Great pond snail
The shell of a great pond snail can grow up to 60mm high.
The colour of their shells varies from yellow-brown to dark brown or grey and has a pointed spire. Their skin is dark brown or grey.
Great pond snails are widespread in Britain and Europe. Also found in Asia, north Africa and North America.
Great pond snails are found in slow-moving or stagnant water, more frequent in hard water. Will tolerate slightly brackish water.
They feed on algae and rotting organic matter.
This snail deliberately ingests grains of sand which stay in its gizzard and help it break down tougher plant material that it would otherwise be unable to digest.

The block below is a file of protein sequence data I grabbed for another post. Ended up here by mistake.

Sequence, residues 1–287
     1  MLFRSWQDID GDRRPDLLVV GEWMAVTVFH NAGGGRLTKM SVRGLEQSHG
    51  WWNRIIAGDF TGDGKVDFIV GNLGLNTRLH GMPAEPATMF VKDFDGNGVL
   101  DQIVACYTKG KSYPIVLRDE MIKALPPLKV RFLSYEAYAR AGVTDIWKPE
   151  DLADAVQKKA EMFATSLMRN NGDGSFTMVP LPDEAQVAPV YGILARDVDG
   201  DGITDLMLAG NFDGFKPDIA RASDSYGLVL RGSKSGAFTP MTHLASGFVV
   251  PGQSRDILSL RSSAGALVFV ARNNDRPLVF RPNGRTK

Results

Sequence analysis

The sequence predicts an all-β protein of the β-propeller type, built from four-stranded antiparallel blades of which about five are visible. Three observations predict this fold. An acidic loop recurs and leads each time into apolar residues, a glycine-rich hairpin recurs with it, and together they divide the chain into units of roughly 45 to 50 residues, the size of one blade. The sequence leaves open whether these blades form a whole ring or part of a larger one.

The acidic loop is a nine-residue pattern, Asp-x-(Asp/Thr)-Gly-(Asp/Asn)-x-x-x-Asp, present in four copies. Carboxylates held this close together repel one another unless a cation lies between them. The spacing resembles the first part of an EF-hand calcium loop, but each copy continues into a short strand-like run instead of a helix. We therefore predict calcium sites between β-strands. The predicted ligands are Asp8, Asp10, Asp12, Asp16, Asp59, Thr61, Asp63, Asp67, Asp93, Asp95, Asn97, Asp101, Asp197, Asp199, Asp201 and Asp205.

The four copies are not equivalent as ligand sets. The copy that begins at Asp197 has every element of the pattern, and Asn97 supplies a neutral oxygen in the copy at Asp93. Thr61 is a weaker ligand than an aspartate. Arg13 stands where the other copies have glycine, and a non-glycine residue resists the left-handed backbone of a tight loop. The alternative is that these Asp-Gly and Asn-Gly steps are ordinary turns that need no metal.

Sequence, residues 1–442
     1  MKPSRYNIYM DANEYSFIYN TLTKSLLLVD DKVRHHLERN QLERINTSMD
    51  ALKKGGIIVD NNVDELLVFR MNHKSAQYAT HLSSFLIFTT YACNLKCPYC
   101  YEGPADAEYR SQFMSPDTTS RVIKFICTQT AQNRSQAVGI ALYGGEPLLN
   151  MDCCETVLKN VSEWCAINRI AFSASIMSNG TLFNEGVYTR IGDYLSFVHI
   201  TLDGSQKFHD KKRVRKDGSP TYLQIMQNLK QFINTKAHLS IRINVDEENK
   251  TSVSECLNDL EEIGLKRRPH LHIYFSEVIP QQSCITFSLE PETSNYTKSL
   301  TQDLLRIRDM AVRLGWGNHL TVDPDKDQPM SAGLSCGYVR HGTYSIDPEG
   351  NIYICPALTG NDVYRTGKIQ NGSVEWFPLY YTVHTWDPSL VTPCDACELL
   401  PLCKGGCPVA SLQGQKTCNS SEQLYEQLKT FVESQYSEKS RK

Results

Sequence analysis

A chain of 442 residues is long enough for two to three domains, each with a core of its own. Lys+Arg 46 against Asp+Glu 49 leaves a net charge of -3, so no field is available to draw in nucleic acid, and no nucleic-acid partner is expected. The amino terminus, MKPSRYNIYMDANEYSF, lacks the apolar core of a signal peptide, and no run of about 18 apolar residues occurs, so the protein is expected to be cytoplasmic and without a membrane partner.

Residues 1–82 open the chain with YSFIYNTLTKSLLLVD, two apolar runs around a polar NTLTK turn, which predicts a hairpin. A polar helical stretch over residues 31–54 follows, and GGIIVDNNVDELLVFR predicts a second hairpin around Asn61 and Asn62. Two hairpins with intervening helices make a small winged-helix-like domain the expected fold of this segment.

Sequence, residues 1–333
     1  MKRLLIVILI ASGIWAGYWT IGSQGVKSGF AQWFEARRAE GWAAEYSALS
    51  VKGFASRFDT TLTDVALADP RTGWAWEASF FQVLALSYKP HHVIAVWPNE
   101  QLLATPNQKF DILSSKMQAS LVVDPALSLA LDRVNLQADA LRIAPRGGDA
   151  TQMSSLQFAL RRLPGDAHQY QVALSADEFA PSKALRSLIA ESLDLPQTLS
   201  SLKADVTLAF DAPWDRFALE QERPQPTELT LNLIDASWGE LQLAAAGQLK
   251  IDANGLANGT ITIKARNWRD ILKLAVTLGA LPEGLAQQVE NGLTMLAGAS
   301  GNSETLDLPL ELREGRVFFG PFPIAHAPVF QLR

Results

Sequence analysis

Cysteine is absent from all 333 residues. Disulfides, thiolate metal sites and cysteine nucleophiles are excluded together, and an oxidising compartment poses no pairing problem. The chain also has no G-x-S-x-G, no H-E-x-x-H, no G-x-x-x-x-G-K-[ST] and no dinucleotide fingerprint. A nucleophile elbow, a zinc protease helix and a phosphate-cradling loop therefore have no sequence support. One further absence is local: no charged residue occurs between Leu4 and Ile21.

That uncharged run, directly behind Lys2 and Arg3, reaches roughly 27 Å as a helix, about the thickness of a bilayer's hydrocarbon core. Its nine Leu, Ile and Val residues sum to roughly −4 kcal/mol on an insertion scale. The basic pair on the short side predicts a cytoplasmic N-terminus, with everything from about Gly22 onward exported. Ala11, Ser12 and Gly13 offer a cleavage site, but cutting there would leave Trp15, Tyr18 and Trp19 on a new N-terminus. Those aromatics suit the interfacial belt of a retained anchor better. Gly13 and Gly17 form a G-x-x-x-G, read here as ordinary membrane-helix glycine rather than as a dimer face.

They can be seen floating upside-down on the surface taking in air. They can also absorb oxygen from the water through their skin. By employing these strategies the great pond snail can stay underwater for several months.
During winter these snails burrow into the soft mud and hibernate. They withdraw into their shells and secrete a thick seal over the mouth of the shell called an epiphragm. This helps to protect them from the cold until spring when they emerge again.
The eggs are laid in jelly-like capsules on aquatic plants.
They are not listed as endangered on the IUCN Red List.